woman getting a pedicure in a salon

A relaxing pedicure after a long week is a popular self-care indulgence for many people, but it is important that any establishment you visit follows appropriate health and safety regulations and that you know what to do if you, unfortunately, experience an infection or injury from your pedicure.

Tips for Staying Safe During Salon Pedicures

Pedicures should serve as a comforting experience that helps you unwind, but it’s still important to be aware of potential infections that can occur. Some infections that you can contract at a nail salon include:

  • Mycobacterium fortuitum
  • Paronychia
  • HPV 
  • Colds and influenza
  • Fungal infections related to acrylic nails
  • Hepatitis B or C
  • HIV

So, what can be done to avoid the risks? Fortunately, there are several steps you can take to protect yourself, including the following.

Pre-Screen Any Salon

Before making an appointment, drop by during business hours and take a look. Are the pedicurists disinfecting the foot bowls between customers? Are they bringing out new, clean instruments?

Request Tools and Techniques That Keep You Safe

Infections sometimes occur when nails are cut very close to the skin—where it’s easier to accidentally cut or nick the skin—providing an open door for infection. Ask your pedicurist to refrain from cutting your nails too short.

It is always best to avoid any instruments that are too harsh on your skin if you are concerned about infection exposure. There are other ways to exfoliate the feet, including loofas and soft brushes that the salon likely has in supply.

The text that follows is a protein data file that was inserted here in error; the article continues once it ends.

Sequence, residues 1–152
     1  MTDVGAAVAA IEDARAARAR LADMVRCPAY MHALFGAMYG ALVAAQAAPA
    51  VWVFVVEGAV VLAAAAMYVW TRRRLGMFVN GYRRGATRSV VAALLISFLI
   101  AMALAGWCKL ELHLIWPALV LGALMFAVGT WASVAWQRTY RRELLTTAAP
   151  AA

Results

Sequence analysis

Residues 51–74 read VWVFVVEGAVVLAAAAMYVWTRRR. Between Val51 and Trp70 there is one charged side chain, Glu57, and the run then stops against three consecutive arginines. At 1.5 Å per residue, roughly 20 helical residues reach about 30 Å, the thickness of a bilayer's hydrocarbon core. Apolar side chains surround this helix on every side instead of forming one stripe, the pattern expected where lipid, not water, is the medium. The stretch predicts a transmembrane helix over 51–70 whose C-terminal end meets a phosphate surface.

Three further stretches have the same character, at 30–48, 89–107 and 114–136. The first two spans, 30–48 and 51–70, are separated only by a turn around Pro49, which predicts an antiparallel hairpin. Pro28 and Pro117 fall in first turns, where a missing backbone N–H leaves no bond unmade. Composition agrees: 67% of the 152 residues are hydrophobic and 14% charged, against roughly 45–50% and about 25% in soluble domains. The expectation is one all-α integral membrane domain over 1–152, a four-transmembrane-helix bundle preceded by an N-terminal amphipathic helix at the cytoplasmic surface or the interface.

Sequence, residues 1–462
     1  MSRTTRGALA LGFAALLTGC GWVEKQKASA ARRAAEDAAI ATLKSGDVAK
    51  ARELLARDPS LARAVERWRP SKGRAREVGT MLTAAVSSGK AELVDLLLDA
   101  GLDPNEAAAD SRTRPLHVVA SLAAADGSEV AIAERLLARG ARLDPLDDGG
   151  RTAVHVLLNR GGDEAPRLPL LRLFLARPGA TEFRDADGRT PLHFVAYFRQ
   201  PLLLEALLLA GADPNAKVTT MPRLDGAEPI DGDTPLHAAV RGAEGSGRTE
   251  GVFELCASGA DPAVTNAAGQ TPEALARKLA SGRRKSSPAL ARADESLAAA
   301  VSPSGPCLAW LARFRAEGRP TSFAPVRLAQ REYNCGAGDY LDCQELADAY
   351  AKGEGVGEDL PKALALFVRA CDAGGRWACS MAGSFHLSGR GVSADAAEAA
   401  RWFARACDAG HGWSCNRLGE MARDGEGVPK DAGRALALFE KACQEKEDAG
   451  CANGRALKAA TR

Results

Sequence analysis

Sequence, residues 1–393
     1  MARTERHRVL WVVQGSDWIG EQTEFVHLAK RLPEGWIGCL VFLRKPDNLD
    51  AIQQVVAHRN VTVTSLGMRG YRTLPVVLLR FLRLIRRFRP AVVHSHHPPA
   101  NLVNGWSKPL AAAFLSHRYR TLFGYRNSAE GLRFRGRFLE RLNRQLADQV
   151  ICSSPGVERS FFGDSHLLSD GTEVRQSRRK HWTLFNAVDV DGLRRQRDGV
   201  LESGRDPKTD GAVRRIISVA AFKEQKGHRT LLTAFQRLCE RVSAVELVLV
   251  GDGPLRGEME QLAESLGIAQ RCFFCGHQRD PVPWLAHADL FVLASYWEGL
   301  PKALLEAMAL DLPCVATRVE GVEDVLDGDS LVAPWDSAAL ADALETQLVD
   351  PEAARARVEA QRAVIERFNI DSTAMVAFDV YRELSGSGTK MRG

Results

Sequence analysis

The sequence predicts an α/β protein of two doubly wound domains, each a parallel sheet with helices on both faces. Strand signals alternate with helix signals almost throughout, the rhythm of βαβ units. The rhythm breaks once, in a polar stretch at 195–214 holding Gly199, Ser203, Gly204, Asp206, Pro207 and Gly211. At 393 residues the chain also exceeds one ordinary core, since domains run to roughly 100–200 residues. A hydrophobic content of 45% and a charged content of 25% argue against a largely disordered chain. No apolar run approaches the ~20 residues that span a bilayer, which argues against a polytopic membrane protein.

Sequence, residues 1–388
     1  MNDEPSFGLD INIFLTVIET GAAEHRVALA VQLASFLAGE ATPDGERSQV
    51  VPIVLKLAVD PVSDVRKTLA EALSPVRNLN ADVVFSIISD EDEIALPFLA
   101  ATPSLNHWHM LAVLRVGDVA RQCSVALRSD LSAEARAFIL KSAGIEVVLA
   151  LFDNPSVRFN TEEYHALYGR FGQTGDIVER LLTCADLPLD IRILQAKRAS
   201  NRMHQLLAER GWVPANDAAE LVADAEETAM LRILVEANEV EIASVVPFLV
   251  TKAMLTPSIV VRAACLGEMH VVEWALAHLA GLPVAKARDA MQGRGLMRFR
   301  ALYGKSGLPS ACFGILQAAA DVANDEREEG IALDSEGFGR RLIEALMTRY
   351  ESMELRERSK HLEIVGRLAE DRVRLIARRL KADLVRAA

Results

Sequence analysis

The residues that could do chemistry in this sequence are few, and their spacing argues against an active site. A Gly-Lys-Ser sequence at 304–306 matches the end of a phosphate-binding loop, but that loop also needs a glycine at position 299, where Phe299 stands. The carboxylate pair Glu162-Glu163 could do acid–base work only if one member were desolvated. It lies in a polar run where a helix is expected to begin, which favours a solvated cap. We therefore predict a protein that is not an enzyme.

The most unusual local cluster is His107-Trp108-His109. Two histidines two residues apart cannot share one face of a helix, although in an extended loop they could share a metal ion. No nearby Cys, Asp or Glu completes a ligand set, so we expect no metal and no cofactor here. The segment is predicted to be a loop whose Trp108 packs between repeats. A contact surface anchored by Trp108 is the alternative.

Check Your Feet for Injury Beforehand

Before you get to the salon, check your feet for any scrapes, cuts, or lesions that could potentially be an issue during a pedicure. If you find anything, consider rescheduling.

Enjoying a Safe Pedicure at Home

A home pedicure can be just as relaxing and can save you money while also reducing health risks. Here are some tips to keep yourself safe while pampering at home.

  • Cut your toenails straight across, leaving a small amount of white at the tips. Leaving them too long or too short will trigger ingrown toenails.
  • Soak your feet first. Your skin will be softer, making it easier to exfoliate and file calluses without injury.
  • Moisturize well and often. This can help prevent cracks and fissures that sometimes lead to infection.
  • Use clean tools. Purchase pedicure tools that are made of surgical steel, and always be sure to disinfect between each use.
  • Check out the ingredients. There are great brands of nail polish and cleansers out there that are manufactured without dangerous chemicals and toxins.

When to See a Podiatrist

Whether you indulge in a home or professional pedicure, infections still sometimes happen. It’s time to call a podiatrist if you notice:

  • Redness
  • Swelling
  • Puss
  • Discoloration
  • Pain or discomfort

At InStride Carolina Podiatry Group, we can help patients in both North and South Carolina stay safe and resolve a variety of ailments, including infections related to pedicure injury. Call us today at 803-285-1411 or visit our website for a complete list of our office locations.

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